BMJ Open | Year: 2012

Background: Many studies have focused on multidrug therapy (MDT) for multibacillary (MB) leprosy and rarely on long-term outcome of paucibacillary (PB) leprosy having recommendation of therapy for 6 months fixed duration therapy for PB patients. Studies on measuring risk of disability are rare. The present study is to assess the cure; default, relapse and disability in a prospective cohort of PB leprosy during follow-up of >4 years after treatment. Design: Prospective. Setting: Primary in our field area of Agra District. Participants: 920 PB leprosy patients entered the study, 621 completed treatment, 599 followed finally including 271 males, no ethnic differentiation, patients of all age groups except for children below 5 years and old persons above 70 years were not included. Treatment: 6 months fixed duration MDT as recommended by WHO. Primary and secondary outcomes: Treatment completion, cure, relapse and development of disability based on clinical assessment by well-experienced doctors. Statistical methods: Data have been analysed using SPSS software, risk is computed as incidence per 100 person-years (PY) and test of significance used. Results: Study reports 91% cure rate. Incidence of relapse was 1.3/100 PY with no significant variation by age, sex, delay in detection, patches and nerves. Crude incidence of disability was 2.2% and varied significantly by age and nerve thickening but not by sex, number of patches, nerves and delay in treatment. Incidence of disability was 0.50/100 PY in treatment completed and 0.43 among defaulters. Conclusion: The study concludes that relapses do occur after MDT treatment but at the level of 1-2%, incidence of disability remains low (<1/100 PY) in PB leprosy. Low incidence of relapse and disability suggests that 6 months therapy is quite effective. However, further improvement may help to improve its efficacy. Longer follow-up may add to efficacy measures.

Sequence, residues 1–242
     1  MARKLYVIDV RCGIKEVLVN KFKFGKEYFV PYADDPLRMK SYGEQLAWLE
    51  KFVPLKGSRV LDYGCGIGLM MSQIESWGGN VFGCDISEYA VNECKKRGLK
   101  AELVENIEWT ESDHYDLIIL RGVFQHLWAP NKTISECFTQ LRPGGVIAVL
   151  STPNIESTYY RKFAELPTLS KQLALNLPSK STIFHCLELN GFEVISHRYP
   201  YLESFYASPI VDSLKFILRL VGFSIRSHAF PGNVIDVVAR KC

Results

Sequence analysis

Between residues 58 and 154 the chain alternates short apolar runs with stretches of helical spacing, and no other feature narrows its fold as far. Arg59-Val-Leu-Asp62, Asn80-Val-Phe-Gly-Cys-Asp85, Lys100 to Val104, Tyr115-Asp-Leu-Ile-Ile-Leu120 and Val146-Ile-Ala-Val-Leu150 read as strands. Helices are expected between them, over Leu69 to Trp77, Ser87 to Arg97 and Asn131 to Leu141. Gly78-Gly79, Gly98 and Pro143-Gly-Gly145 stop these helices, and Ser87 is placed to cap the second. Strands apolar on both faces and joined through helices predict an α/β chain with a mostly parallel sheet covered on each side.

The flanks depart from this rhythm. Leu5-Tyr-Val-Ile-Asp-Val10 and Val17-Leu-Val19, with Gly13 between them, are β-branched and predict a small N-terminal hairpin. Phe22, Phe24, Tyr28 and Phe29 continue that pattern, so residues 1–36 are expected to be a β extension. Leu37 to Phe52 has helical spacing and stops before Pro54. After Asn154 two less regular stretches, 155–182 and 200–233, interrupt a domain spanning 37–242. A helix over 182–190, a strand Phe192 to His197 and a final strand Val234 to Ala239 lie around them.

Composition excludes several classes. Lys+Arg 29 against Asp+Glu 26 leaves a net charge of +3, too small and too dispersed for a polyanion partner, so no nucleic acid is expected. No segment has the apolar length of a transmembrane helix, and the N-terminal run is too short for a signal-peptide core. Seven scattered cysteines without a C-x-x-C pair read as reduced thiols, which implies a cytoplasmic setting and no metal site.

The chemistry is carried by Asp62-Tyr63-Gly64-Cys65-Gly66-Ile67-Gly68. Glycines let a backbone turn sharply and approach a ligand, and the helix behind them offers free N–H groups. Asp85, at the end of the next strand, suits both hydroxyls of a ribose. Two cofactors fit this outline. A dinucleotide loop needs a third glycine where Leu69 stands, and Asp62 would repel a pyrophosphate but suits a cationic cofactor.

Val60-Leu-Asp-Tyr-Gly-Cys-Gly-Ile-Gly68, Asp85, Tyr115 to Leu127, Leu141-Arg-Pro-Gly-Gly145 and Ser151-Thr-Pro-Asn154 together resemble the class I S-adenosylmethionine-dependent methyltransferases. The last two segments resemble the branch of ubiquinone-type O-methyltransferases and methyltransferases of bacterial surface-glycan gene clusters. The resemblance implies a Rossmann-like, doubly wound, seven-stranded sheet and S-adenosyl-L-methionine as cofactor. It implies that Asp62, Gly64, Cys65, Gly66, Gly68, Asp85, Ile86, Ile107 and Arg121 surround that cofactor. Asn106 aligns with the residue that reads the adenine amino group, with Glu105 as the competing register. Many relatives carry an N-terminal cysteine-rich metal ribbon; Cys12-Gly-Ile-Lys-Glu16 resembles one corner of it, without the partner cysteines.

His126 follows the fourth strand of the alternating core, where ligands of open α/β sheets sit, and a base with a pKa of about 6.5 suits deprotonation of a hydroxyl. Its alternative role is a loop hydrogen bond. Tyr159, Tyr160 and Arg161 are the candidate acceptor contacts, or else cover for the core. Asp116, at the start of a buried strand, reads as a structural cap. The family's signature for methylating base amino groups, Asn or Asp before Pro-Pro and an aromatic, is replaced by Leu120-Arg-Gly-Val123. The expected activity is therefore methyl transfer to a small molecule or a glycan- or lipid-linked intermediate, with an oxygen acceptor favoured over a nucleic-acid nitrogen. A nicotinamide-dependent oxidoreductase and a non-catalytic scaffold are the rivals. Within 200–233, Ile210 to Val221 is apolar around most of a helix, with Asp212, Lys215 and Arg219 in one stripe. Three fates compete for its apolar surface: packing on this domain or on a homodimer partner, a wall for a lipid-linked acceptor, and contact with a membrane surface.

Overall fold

Sachan T.K.,National JALMA Institute for Leprosy | Kumar V.,National JALMA Institute for Leprosy | Singh S.V.,Central Institute for Research on Goats | Gupta S.,Central Institute for Research on Goats | And 5 more authors.